Two P.E.I. sisters are turning the pain of their mother’s death from ovarian cancer into helping other women.
Jillian Forbes of Charlottetown and Jennifer Bowness of Clyde River lost their mother, Cheryl Clark, in 2017, seven weeks after she was diagnosed.
The sisters were devastated and, in an effort to help others, they helped launch the Walk of Hope and Lady Ball events in Charlottetown. The next ball, an event that celebrates role models in Atlantic Canada, will be held virtually due to the coronavirus (COVID-19 strain) pandemic on Saturday, Sept. 26.
For their efforts, Forbes and Bowness were recently awarded the Peggy Truscott Award of Hope by Ovarian Cancer Canada. The honour celebrates and acknowledges the dedication of individuals or groups who volunteer to support the mission of Ovarian Cancer Canada.
“On Jan. 19, 2017, mom went to the hospital with what she thought was a blockage in her bowel. She had been sick for quite a long time," Bowness said. “We found out after some tests that she had ovarian cancer and we lost her seven weeks later. It was very quick."
At a glance
Following is information about the Peggy Truscott Award of Hope:
- Named after a volunteer and founder of the Ovarian Cancer Canada Walk of Hope.
- It recognizes involvement, contributions and/or achievements within the home community of the recipients.
- A single recipient was recognized in Canada annually from 2004 to 2019.
- The scope of the award was expanded to honour outstanding volunteers from each of the five regions across Canada.
- Jennifer Bowness and Jillian Forbes are the recipients from the Atlantic region. Four other Canadian women were recognized in other regions.
Ovarian cancer is not easily detectable, she added.
“It comes with very, somewhat benign signs (such as) bloating, abdominal cramps that you don’t necessarily attribute to something serious. She was kind of putting it off for a long time before she went to see a doctor, and typically when it’s diagnosed (it’s) in its late state. It was a very painful experience for us."
There’s no early detection right now for ovarian cancer and no tests, said Forbes.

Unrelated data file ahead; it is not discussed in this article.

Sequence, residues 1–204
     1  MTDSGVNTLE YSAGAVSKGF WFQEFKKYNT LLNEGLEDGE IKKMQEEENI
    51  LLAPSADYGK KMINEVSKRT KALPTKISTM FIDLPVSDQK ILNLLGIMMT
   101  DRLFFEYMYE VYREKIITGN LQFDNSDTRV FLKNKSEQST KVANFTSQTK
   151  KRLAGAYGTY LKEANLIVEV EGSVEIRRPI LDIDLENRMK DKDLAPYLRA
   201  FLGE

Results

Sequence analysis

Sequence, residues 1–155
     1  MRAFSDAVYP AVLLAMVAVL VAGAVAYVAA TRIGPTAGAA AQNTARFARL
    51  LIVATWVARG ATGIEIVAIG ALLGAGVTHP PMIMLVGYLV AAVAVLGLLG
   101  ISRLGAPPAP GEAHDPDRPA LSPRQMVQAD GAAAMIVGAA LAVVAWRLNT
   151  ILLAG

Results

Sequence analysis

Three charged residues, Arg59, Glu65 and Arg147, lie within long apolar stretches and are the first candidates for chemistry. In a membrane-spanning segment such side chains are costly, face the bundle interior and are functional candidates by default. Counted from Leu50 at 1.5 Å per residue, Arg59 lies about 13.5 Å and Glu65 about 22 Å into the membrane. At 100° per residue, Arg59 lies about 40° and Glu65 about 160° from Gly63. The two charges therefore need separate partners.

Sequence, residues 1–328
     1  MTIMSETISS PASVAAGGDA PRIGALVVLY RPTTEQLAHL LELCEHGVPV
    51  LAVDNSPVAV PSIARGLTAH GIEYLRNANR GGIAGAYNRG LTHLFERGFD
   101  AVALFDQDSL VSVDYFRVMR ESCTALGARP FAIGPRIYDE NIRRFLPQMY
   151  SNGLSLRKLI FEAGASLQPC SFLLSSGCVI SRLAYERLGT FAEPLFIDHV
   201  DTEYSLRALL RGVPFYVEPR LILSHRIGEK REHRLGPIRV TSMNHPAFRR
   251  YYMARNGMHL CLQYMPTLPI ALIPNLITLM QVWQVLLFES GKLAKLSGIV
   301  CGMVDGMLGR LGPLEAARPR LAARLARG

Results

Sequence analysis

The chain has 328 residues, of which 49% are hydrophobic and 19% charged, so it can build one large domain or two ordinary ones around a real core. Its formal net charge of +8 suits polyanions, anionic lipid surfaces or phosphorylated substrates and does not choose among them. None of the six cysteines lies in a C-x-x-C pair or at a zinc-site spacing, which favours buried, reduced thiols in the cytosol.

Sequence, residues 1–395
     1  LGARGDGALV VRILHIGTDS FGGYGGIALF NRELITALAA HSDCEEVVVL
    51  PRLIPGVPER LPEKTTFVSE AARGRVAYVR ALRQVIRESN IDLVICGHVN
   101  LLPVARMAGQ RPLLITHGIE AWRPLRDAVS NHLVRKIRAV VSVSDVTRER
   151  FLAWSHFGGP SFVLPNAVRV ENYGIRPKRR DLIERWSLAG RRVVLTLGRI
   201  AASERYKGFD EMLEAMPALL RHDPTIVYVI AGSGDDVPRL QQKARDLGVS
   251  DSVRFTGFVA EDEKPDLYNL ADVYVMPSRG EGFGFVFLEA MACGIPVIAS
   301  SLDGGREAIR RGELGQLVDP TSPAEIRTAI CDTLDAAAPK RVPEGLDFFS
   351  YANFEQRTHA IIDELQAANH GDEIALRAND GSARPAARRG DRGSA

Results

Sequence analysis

“It’s the deadliest women’s cancer in the world, and there’s been no change in the outcome in 50 years."
Just the facts
The following information is available on the Ovarian Cancer of Canada website:
- Symptoms are usually confused with those of other diseases.
- One out of every two women diagnosed will not live past five years.
- There is no screening test.
- Ovarian cancer kills five Canadian women every day.
Bowness said federal and provincial funding for research has started to flow, but they wanted to do more.
Forbes went for a walk one day to try to clear her head soon after losing her mother. She wondered what could be done locally to raise awareness and money. The first thought that came into her mind was holding a walk.
“I needed to do something,’’ Forbes said. “We wanted to do something because we wanted to transfer our grief into a good cause."
Together, the sisters held the first Walk of Hope in 2017, about five months after their mother died. It was a success, raising more than $10,000 for research. The next one surpassed $13,000.
They also met survivors at the walks, who served as an inspiration to continue their efforts and do more.
“It was a way to bring them together because no one really understands what you’re going through unless you’re going through it," Bowness said. “We did it for mom … to bring these survivors together and give them hope that the outcomes will be better."
“It’s so important for us and for women and for the future generations to do better," Forbes said. “We want to increase testing and to increase the knowledge."
“And for women to not be ashamed to ask questions about their own body," Bowness says.
Following the success of the Walk of Hope events, a director with the Ovarian Cancer of Canada asked the sisters if they would be interested in holding the Lady Ball. There were already balls every September in Halifax, Toronto, Vancouver and Calgary.
The first one in Charlottetown was held in 2019, which raised more than $60,000. One was supposed to be held this past spring but was cancelled due to the pandemic.
So, they are going online this Saturday. The event, which includes auctions, stories from survivors and live music, will be held 6-10 p.m. People are being encouraged to participate in their own bubbles. Tickets are $50 per household, and they include a virtual swag bag. To access and register for the Lady Ball, click here.
The Guardian asked the sisters what their mother would think of all that they’ve done so far and about receiving the Truscott honour for their efforts.
“I think she would be super proud of her daughters," Forbes says, her eyes welling with tears. “She always said, ‘if I ever win the lottery, I want to do something good with the money’, so when we saw that huge amount of over $60,000, we felt like we had won the lottery for our mom that night."